1. There being no evidence raising an issue as to the insurer's bad faith in refusing to pay a claim for benefits under a policy issued by it, the court erred in submitting this question to the jury.
3. The verdict, except for the award of statutory damages and attorney's fees, was authorized by the evidence.
Action on insurance policy. Before Judge Butler. Bibb Civil Court. March 26, 1954.
Wylena Gammage sued Georgia Life & Health Insurance Company on a policy of insurance which insured against, "Loss of life, and against expense incurred while confined within a lawfully operated hospital, and against certain other expenses resulting from accidental bodily injury, sickness, or disease originating after the date of issue, subject to the clause headed 'Exceptions' shown on page three hereof . . ." One of the exceptions mentioned was: "This policy does not cover (a) sickness originating prior to thirty (30) days after date of issue." Mrs. Gammage had applied for a policy on the life and health of her husband, and the policy was issued on her application on March 15, 1950. Her husband died on November 20, 1952.
The defendant contended that the sickness resulting in the insured's loss of life originated before the policy was issued, and hence that the sickness and loss of life of the insured were not covered by the terms of the policy. Mrs. Gammage sued as beneficiary for the amounts provided for by the policy, and also for attorney's fees and statutory damages based upon the defendant's alleged refusal in bad faith to pay her claim within 60 days after demand. The jury returned a verdict in her favor in the amounts sued for. The defendant's motion for a new trial was denied, and the exception here is to that judgment.
1. In the first two special grounds of the motion for new trial, it is contended that the court erred in submitting to the jury the question of the defendant's bad faith in refusing to pay the plaintiff, because there was no evidence authorizing the jury to make such a finding. The evidence relied upon by the plaintiff to support her contention in this respect is that the defendant made two payments of between twenty and thirty dollars to Mr. Gammage during 1951, when he had an illness, and that the defendant knew Mr. Gammage had undergone brain surgery in 1949. The defendant refused payment on the ground that the condition causing the insured's death originated in 1949, before the policy was issued.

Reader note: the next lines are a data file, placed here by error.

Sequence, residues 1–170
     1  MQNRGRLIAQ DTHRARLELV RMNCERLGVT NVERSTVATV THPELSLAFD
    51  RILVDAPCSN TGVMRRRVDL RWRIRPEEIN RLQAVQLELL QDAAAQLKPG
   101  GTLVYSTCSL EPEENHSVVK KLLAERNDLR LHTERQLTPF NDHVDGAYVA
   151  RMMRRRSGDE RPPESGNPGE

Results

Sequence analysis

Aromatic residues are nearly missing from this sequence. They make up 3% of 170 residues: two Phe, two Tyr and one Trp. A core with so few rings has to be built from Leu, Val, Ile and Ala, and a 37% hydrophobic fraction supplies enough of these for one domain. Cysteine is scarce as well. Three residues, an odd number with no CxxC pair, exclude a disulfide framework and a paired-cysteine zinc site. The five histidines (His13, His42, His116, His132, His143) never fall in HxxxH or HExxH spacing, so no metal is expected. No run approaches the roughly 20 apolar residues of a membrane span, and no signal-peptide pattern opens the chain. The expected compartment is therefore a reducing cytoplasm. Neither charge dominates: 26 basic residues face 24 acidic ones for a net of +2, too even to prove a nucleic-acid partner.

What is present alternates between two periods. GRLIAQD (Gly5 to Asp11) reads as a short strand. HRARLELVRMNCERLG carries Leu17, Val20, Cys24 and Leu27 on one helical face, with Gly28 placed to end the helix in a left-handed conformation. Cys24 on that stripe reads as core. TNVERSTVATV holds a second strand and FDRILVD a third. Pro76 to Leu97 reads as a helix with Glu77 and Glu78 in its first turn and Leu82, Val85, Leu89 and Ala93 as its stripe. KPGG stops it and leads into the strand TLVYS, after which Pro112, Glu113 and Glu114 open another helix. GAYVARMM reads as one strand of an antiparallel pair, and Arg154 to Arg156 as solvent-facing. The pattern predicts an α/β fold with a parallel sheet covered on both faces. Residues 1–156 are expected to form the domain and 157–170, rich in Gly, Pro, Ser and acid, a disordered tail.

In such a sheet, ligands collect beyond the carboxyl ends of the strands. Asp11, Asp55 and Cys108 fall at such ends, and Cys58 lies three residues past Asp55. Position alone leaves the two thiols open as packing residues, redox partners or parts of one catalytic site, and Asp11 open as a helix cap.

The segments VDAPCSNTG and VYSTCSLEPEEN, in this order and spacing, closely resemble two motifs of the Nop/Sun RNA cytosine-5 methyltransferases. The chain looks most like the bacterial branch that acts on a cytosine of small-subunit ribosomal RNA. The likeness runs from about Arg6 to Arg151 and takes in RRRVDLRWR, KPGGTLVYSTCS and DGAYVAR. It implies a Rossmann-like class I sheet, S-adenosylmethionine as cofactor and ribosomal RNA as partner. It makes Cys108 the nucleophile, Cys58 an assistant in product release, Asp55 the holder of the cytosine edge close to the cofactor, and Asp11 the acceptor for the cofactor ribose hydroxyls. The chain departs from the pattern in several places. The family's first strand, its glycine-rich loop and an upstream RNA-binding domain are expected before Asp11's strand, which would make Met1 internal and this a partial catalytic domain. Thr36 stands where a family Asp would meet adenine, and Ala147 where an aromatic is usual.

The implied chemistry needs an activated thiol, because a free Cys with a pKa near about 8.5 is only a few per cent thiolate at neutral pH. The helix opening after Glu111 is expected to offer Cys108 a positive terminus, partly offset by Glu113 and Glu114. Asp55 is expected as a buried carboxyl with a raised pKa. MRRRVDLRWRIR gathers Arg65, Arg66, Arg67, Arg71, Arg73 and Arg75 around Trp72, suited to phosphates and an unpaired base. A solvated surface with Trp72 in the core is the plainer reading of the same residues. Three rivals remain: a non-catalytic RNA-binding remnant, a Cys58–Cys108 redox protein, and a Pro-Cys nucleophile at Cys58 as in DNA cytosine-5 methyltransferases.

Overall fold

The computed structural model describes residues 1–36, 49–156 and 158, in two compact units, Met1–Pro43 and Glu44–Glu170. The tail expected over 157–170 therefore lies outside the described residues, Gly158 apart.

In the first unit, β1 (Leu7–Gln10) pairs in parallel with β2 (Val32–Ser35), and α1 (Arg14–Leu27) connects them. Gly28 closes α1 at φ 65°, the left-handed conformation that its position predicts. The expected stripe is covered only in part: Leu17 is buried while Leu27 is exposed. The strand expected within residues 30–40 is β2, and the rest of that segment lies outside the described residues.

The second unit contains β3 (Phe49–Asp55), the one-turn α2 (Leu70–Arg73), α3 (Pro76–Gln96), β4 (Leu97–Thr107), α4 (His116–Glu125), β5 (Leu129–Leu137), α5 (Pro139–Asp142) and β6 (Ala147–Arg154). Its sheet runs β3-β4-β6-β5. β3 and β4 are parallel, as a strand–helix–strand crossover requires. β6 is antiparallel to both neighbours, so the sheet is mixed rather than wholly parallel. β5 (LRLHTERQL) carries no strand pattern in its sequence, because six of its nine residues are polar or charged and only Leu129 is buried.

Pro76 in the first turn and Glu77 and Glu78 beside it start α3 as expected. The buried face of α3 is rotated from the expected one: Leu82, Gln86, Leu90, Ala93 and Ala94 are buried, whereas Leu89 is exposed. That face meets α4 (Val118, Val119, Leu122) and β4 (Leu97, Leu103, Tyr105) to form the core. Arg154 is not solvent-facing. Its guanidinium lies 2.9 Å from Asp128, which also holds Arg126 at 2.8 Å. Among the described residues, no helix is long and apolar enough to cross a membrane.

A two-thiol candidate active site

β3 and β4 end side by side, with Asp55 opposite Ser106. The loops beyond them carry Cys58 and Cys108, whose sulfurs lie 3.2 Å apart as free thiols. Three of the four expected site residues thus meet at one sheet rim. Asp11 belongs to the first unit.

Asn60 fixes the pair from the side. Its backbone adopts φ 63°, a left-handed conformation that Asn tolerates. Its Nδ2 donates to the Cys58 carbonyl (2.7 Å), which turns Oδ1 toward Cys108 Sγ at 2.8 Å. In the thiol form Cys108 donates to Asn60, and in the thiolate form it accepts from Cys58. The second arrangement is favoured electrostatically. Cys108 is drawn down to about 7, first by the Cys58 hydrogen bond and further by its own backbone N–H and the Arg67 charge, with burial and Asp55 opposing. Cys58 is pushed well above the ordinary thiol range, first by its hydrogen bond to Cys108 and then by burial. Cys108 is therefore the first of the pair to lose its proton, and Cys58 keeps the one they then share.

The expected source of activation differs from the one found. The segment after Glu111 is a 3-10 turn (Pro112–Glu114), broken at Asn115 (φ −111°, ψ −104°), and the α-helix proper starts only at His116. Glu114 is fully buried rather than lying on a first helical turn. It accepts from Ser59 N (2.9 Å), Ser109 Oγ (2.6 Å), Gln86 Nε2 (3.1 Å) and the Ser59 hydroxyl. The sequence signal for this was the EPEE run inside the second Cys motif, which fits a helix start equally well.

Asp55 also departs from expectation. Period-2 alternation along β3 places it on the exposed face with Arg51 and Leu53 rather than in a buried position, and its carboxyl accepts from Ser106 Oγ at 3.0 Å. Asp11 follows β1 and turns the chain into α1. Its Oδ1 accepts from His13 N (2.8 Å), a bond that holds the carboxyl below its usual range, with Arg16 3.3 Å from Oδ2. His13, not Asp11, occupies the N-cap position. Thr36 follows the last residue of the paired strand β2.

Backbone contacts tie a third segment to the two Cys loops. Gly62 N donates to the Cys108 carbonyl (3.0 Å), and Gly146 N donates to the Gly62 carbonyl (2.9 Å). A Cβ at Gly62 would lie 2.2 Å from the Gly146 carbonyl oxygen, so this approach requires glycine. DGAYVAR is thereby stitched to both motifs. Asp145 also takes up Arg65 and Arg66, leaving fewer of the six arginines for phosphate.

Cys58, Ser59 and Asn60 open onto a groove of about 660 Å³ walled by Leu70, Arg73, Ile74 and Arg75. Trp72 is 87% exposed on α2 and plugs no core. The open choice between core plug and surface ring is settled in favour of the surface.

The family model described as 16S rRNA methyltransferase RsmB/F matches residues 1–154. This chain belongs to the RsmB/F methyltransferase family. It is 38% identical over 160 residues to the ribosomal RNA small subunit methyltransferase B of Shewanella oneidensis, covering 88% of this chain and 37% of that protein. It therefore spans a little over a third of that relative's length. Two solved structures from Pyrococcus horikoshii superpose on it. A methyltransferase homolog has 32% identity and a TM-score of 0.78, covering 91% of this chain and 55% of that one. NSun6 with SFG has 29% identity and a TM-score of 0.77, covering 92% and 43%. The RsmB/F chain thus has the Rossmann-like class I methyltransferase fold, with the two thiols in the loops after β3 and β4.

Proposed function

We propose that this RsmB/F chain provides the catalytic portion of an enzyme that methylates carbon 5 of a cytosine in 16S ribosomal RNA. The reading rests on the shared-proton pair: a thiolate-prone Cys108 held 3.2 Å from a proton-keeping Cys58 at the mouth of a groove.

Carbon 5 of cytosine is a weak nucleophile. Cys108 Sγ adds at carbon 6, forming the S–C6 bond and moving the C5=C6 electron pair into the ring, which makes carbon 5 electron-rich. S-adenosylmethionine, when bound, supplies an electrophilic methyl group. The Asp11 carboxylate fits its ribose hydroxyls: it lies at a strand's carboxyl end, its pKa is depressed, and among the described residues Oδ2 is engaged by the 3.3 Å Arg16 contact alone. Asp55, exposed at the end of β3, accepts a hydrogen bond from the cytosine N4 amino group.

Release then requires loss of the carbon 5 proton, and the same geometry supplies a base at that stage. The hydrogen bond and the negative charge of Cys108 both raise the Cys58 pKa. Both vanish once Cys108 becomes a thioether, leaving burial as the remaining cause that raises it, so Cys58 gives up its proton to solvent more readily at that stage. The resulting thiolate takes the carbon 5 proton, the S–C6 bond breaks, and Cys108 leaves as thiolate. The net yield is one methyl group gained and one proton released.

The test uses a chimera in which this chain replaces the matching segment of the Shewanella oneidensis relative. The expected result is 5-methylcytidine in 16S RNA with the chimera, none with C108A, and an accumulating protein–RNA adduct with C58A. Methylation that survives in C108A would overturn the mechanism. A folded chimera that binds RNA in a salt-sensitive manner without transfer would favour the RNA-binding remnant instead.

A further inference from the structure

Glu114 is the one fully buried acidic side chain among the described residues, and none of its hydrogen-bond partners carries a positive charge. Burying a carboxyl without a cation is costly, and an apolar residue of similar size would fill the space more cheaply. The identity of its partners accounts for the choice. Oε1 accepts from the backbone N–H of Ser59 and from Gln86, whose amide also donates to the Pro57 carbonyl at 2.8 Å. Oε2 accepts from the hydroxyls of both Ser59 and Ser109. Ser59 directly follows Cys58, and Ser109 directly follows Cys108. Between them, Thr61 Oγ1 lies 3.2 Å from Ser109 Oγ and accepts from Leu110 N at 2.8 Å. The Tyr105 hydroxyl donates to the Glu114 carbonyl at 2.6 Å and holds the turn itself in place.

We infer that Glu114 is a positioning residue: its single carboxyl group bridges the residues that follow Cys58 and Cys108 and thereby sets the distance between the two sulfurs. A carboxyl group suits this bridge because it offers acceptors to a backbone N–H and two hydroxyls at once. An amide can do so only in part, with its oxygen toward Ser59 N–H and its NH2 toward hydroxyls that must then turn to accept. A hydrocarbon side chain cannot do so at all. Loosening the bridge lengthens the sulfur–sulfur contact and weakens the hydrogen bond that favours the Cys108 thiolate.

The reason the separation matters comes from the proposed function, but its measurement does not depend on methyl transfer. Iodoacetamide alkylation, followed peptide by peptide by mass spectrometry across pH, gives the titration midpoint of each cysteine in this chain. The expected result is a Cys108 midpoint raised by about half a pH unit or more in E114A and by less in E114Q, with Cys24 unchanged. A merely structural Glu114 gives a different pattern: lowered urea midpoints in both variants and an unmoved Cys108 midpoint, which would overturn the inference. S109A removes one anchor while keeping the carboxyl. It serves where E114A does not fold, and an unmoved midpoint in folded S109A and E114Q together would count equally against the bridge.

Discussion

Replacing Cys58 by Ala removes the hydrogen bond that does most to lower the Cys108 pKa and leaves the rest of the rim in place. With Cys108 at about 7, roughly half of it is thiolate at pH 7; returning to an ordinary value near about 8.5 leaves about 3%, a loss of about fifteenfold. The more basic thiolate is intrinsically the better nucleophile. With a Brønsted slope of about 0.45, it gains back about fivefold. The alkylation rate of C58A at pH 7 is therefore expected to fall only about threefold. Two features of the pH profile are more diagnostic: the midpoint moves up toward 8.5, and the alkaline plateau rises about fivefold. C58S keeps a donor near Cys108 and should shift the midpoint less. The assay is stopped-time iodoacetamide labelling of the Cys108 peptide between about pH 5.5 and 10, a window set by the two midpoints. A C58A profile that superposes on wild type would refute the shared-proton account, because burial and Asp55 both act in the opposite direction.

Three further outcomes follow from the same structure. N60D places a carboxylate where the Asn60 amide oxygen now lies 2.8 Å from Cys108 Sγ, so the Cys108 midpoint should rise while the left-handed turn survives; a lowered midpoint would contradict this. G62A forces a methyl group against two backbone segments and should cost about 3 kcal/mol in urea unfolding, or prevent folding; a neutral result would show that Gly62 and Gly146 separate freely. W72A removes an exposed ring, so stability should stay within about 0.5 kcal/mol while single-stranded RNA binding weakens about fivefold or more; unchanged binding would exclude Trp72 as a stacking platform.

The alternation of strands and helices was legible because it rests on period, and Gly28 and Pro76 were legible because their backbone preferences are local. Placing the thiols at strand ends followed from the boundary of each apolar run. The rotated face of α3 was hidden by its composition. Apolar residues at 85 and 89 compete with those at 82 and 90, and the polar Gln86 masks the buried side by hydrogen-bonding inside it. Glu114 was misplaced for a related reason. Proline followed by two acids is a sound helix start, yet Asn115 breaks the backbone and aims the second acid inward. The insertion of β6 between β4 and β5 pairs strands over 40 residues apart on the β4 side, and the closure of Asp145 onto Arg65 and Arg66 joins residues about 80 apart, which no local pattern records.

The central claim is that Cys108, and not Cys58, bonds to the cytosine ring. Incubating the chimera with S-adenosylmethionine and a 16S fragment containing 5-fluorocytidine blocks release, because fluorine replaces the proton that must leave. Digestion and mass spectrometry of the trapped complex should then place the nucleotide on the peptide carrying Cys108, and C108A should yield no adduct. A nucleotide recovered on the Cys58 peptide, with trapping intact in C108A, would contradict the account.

Dr. Sam Patton testified that he and another physician diagnosed the insured's condition as an aneurism of the internal carotid artery and sent him to Atlanta for surgery in 1949. Gammage had suffered from headaches, and Dr. Patton found blood in his spinal fluid. Dr. Patton attended him before his death, and found conditions of hypertension and a stroke following the onset of a convulsion on the day before Gammage died. Dr. Patton testified: "I don't think he ever recovered completely from the condition I diagnosed the first time I saw him, because he had some damage to the muscle control of his right eye, secondary to the aneurism and the surgery which persisted, and in October, 1951, he had a blackout spell. At that time, I felt, instead of just having blackouts, it was probably an early convulsion, and he had a convulsion at the time he died. These convulsions that he had were probably secondary to his aneurism and to the surgery he had. 'Course if he hadn't had the surgery, he would have died of the aneurism long before. I think the convulsion and hypertension were all secondary or part and parcel of the disease that caused the aneurism and that the aneurism and the bleeding into the brain irritated the brain and caused the convulsion and that the hypertension was part and parcel of the same disease. It was a cardio-vascular disease, or disease of the vessel. I would say that it is my professional opinion that the cause of his death resulted from this condition which arose back in 1949, or at least as far back as the first time I saw him, on July 3, 1949. He had a marked impairment of vision of his right eye and an external squint or deviation of the right eye at that time. That condition lasted for a long period of time. I saw him in July, 1950, and he still had that eye defect. This eye defect caused or was a result of this condition for which I first diagnosed him in 1949." He further testified: "I believe the cause of Mr. Gammage's death and the diagnosis, the trouble that I saw in 1949, were directly connected."